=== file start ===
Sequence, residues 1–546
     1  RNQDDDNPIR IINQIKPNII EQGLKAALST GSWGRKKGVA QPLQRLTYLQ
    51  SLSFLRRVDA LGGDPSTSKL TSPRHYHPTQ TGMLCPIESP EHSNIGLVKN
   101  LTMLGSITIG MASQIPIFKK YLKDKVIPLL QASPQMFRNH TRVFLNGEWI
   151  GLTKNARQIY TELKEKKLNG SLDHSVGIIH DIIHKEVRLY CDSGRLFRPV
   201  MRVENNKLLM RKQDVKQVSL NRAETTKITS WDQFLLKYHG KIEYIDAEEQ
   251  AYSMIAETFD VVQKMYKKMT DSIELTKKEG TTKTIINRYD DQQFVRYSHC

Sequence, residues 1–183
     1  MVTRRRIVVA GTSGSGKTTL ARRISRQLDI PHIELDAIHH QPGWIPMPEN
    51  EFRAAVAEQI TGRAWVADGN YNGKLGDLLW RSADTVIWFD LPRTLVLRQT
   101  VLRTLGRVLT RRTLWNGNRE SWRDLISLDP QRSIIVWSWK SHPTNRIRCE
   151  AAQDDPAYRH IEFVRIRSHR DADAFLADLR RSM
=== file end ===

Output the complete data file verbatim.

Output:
Sequence, residues 1–546
     1  RNQDDDNPIR IINQIKPNII EQGLKAALST GSWGRKKGVA QPLQRLTYLQ
    51  SLSFLRRVDA LGGDPSTSKL TSPRHYHPTQ TGMLCPIESP EHSNIGLVKN
   101  LTMLGSITIG MASQIPIFKK YLKDKVIPLL QASPQMFRNH TRVFLNGEWI
   151  GLTKNARQIY TELKEKKLNG SLDHSVGIIH DIIHKEVRLY CDSGRLFRPV
   201  MRVENNKLLM RKQDVKQVSL NRAETTKITS WDQFLLKYHG KIEYIDAEEQ
   251  AYSMIAETFD VVQKMYKKMT DSIELTKKEG TTKTIINRYD DQQFVRYSHC

Sequence, residues 1–183
     1  MVTRRRIVVA GTSGSGKTTL ARRISRQLDI PHIELDAIHH QPGWIPMPEN
    51  EFRAAVAEQI TGRAWVADGN YNGKLGDLLW RSADTVIWFD LPRTLVLRQT
   101  VLRTLGRVLT RRTLWNGNRE SWRDLISLDP QRSIIVWSWK SHPTNRIRCE
   151  AAQDDPAYRH IEFVRIRSHR DADAFLADLR RSM